As much of the United States still grapples with coronavirus and all the complex questions around re-gathering for worship, de-gathering again, and continuing a mostly digital worship experience, new data suggests that our first efforts at digital church have not been effective. A recent survey conducted by Barna found that 32% of practicing adult Christians in the U.S. have stopped attending church since March. A full 50% of Christian millennials have stopped viewing their church’s worship gatherings altogether.
Some may point to people who were previously not attending churches who have begun streaming a service as evidence that the numbers are not as bad as indicated. Barna acknowledged this group, but found the number to be so small that reporting it was statistically insignificant. We have made some gains, but we have seen far more Christians “opt out” of our current digital offerings.
Church, we have a problem.
In many places, rushing back to physical gatherings isn’t wise. And even if churches were to immediately re-gather, would those who have opted out return?
The New Idea is an Old One
Prior to the pandemic, researchers began to express concern about the “loneliness epidemic” facing a rising number of Americans. A January 2019 report found that 1 in 5 Americans confessed to feeling lonely or socially isolated. A little over one year later, those people found themselves in physical isolation.
While many of us have relied on technology to make ministry happen during this season, many people are missing a simple personal touch. To be clear, there is no magic bullet to solve the problem of disengagement. Reasons are certainly varied and range from discontentment over a church’s response to COVID or social issues to simple laziness.
But churches who have seen either an uptick in engagement or have at least maintained engagement through physical distancing measures have been intentional about non-digital connections.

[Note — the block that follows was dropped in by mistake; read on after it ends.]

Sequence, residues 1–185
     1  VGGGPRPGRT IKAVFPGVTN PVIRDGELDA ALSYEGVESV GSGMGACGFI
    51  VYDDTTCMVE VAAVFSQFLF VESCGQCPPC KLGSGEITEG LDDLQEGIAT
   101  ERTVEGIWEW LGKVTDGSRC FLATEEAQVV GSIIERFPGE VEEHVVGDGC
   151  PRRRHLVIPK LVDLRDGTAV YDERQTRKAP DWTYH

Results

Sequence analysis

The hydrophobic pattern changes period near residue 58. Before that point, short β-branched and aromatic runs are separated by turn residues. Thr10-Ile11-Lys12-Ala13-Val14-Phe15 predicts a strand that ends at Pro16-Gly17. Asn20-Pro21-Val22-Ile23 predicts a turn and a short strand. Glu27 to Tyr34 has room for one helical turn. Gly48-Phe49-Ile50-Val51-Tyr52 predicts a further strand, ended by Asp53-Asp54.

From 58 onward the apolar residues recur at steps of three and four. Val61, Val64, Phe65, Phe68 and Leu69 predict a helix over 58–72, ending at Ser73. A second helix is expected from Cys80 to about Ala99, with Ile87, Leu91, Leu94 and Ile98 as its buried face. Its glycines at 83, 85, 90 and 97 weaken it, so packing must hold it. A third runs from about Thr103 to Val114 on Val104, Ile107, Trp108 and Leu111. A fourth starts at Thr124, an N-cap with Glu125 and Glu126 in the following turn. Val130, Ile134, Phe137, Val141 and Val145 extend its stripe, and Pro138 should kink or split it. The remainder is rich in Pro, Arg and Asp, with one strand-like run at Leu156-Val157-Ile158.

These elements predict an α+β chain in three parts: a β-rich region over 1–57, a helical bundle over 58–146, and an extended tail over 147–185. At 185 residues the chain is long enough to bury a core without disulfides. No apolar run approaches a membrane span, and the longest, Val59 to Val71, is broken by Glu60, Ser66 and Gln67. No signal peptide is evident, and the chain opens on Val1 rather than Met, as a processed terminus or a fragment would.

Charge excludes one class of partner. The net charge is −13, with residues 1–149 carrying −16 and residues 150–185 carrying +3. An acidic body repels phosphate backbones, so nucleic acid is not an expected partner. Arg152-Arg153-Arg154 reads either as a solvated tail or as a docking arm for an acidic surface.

Offering a Zoom Bible study or to FaceTime with people individually is a minimum expectation. What plan do you have in place to facilitate a one-on-one connection with the members of your church? Do you have a way to ensure that the people who already belong to your congregation have a regular, personal touchpoint from your staff or leadership?
Here are 5 ways you can create personal touchpoints, even living under physical distancing measures, to maintain contact with your congregation:
- Divide up your church roll between staff and leadership and call everyone at least once a month. A quick, “How are you?” and “How can we be praying for you?” can mean a lot to people who are struggling. Record how the individual responds in order to share it with the rest of the staff/leadership team. This can be accomplished by setting up a simple Google Spreadsheet or utilizing a free tool like Airtable.
- Send a small gift with a personal note. Who doesn’t need more hand sanitizer or an extra mask these days? If you have time, you might even consider personally dropping it off at your members’ home and having a short, physically distanced conversation.
- Ask members for their input. None of us have ever been through a global pandemic that has impacted our lives for half a year before. Ask your members what challenges they’re facing, what they need from your church during this season, and, if you’re bold, if they have been disappointed with the church during the pandemic for some reason. Make these individual conversations and not anonymous surveys. You may get some surprising insights from those willing to share and, more often than not, people feel good that you’ve asked them such a question.
- Share members’ stories with the church. Personal connections are missing from online worship gatherings. Someone in your church has a story about how God has sustained them or done something amazing during this season. Celebrate with them by encouraging them to share it with the church. Have them record a video and incorporate it into your digital or physical gathering.
- Have an online host. It’s still a digital connection, but a digital host (or digital welcome team) is invaluable during this season, especially if you’re utilizing Facebook Live. Designate an individual or a small team to be your digital welcome team during your service. Ask them to reply to comments, ask discussion questions, and gather prayer requests during the gathering via the chat feature. Work towards transitioning those digital connections to personal, offline connections when possible.
As many of us, myself included, flocked to technological solutions in the spring, we may have not understood the impact that prolonged distancing would have on our people. One of the great advantages of the local church is the sense of connectedness it gives to people who live in physical proximity to one another, both to God and to one another. Let us seek to prioritize this sense of connectedness through the remainder of this season and worry less about the polish of our digital presentation.